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Cellular and Molecular Biology - Assessment of In vitro X-Ray Radiation Overexposure by Cytokinesis-Block Micronucleus Assay in Human Peripheral Blood Lymphocytes (HPBLs) in Saudi Population

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  • Research Article   
  • Cell Mol Biol 2018, Vol 64(1): 148

Assessment of In vitro X-Ray Radiation Overexposure by Cytokinesis-Block Micronucleus Assay in Human Peripheral Blood Lymphocytes (HPBLs) in Saudi Population

Alotaibi MA1*, Alsuhaibani ES2 and Alsbeih GA3
1Faculty of Sciences, Department of Biology, AlJouf University, Kingdom of Saudi Arabia
2Faculty of Sciences, Department of Zoology, Kingdom of Saudi Arabia
3Radiation Biology Section, Biomedical Physics Department, King Faisal, Specialist Hospital & Research Centre, Kingdom of Saudi Arabia
*Corresponding Author: Alotaibi MA, Faculty of Sciences, Department of Biology, Science College, AlJouf University, P.O. Box. 2014, Al-Jouf-Sakaka, Kingdom of Saudi Arabia, Tel: +966 14 624 7493, Email:

Received: 17-Apr-2018 / Accepted Date: 28-Jun-2018 / Published Date: 30-Jun-2018

Keywords: Micronucleus assay; Biodosimetry; Radiation accidents; Ionizing radiation and human blood lymphocytes


Radiation exposure due to radiotherapy or following a large-scale radiological accident in a populated area can damage the human tissues considerably [1-3]. The ability to achieve an accurate estimate of the absorbed radiation dose is critical for people exposed to significant levels of ionizing radiation, as this information can predict the health risks. Typically, rare cases of radiation exposure and limited number of potential casualty’s scenario. The main focus for such isolated cases, the primary focus is on providing the most accurate dose estimate, considering details of the exposure, such as the type and quality of the radiation and the uniformity, duration, and timing of the exposure [4,5]. The ionizing radiation transferred in the living cells by the genetic material in nucleus and mitochondrial [6]. Chromosomal aberration is widely known as cytogenetic indicators used to assess radiation damage by ionizing radiation exposure for supporting the treatment of radiation casualties [7] using a biodosimetry assays as cytokinesisblock micronucleus (CBMN) and dicentric chromosome assay (DCA) [8]. The CBMN assay is a very reliable documented method to quantify chromosome breakage and loss in nucleated cells [9,10]. And in vitro, to assess cancer susceptibility or radiosensitivity in individuals exposed to occupational, medical, and accidentally radiation [11-13]. To study chromosomal damage in vitro induced by IR or chemicals using a quality dependence dosimeter, MN assay of HPBLs for radiation protection purposes according to the International Atomic Energy Agency recommendation [14-16].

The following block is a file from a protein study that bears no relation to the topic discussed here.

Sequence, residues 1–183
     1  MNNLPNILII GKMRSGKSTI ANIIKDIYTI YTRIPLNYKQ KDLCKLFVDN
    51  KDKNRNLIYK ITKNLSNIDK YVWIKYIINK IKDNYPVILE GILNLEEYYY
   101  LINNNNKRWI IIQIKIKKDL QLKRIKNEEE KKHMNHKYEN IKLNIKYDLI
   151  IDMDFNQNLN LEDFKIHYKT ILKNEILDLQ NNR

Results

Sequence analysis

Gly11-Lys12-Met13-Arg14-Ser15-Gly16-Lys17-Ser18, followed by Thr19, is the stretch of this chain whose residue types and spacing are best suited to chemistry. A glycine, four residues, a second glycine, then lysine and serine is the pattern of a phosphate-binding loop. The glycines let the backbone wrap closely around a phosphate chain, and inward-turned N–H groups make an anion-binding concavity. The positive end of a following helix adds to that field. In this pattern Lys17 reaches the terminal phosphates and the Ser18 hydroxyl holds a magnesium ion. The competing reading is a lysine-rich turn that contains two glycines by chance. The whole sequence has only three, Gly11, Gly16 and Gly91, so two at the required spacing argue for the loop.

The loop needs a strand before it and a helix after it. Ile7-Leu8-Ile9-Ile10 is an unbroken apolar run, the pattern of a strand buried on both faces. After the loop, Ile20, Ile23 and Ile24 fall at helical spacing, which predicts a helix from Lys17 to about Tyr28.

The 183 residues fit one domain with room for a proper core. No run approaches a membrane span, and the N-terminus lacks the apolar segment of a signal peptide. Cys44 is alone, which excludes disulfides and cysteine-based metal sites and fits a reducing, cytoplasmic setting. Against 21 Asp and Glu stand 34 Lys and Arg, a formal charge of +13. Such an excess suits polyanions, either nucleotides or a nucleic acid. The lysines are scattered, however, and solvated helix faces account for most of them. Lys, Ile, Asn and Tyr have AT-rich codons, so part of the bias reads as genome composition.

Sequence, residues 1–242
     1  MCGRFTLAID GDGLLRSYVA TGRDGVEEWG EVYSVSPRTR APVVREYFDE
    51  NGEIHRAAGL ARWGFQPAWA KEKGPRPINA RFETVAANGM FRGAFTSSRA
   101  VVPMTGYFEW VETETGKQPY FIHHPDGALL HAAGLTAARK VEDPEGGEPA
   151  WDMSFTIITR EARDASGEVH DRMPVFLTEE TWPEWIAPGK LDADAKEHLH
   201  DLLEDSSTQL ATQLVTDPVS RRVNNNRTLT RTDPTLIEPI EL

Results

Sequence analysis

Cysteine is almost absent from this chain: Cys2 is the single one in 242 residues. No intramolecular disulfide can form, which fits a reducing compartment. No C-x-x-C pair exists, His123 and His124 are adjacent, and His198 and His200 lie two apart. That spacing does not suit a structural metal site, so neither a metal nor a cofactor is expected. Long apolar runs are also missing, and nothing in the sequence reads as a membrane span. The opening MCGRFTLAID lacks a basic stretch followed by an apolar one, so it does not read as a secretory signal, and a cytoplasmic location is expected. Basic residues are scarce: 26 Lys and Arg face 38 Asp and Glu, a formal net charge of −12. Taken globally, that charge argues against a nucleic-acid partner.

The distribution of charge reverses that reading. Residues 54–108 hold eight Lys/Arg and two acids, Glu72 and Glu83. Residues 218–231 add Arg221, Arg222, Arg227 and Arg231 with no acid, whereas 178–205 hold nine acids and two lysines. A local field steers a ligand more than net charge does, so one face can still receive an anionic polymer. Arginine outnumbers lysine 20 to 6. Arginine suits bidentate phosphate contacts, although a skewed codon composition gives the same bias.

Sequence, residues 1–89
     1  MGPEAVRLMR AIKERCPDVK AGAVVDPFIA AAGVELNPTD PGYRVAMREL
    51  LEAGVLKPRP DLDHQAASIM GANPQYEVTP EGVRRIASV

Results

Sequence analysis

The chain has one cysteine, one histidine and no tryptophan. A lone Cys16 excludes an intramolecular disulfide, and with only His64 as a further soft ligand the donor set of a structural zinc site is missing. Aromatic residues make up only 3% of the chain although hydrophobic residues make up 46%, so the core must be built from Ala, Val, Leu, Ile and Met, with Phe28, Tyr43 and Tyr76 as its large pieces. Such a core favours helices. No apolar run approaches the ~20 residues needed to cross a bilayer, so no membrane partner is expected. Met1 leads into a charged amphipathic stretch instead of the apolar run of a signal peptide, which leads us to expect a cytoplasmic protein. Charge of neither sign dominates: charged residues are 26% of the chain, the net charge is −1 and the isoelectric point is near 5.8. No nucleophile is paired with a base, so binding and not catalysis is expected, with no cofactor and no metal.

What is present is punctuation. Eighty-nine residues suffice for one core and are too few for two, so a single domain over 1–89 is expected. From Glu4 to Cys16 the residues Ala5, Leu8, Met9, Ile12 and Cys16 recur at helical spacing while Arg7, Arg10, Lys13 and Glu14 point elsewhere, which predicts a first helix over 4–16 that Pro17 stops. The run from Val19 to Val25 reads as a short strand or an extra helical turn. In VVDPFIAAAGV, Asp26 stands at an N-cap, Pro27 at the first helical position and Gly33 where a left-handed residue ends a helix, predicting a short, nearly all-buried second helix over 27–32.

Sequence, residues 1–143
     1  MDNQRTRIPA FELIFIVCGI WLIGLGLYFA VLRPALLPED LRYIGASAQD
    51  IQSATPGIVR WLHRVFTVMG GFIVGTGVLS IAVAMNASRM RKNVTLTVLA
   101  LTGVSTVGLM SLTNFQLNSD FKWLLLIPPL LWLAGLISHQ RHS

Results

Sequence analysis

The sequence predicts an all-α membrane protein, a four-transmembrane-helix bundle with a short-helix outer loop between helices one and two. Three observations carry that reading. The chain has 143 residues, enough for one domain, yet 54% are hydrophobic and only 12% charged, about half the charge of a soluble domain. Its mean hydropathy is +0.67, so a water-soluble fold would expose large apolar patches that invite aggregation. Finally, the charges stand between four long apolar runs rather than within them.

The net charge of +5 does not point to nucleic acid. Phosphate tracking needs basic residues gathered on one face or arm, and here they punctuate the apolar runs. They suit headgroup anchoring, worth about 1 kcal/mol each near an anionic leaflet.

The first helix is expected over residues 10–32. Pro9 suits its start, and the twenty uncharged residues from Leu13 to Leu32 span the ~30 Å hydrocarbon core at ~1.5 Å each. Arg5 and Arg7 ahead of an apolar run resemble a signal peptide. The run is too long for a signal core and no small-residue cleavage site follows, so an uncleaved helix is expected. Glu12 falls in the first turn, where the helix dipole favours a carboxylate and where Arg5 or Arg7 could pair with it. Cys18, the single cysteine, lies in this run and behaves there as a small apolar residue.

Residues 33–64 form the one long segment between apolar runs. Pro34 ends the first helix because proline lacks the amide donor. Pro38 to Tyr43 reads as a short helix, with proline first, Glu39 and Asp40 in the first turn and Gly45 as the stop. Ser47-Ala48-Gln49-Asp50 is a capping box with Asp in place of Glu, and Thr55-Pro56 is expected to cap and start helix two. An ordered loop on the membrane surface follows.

In human and mammalian cells The CBMN assay used for genetic toxicology testing by assessing micronuclei (small nuclei) arise during exposure to various clastogenic agents due to mis-repaired DNA double strand breaks, during cell division small acentric chromosome fragments are not transfer to nuclei of daughter cells. MN scoring very restricted preventing confounding effects during the cell division result in a cell recognized by their binucleate (BN) appearance [9,17,18]. The in vitro micronucleus test is simple, useful, and applicable standard cytogenetic test for genotoxicity in different cell types [19-21]. The most useful micronucleus assay performed by adding the cytochalasin B in cell culture for produce binucleated cells (BNCs) [22]. In addition, scoring of micronuclei in the CBMN assay is easy and quick, making it much less labor-intensive than the DCA method and an attractive option for genetic damage assessment in population a high dose of radiation in the case of large-scale radiation accidents [17]. The main aim of this study was to assess the effect of overexposure to radiation on the peripheral blood lymphocytes cells isolated from the blood of Saudi volunteers as a reliable biomarker for measuring the emerging DNA damage, this assessment was carried out by visual scoring the micronuclei frequency, micronucleated cells and The nuclear division index in 1000 peripheral blood lymphocytes cultures of non-irradiated (control) and irradiated (0.5-5 Gy) lymphocytes samples.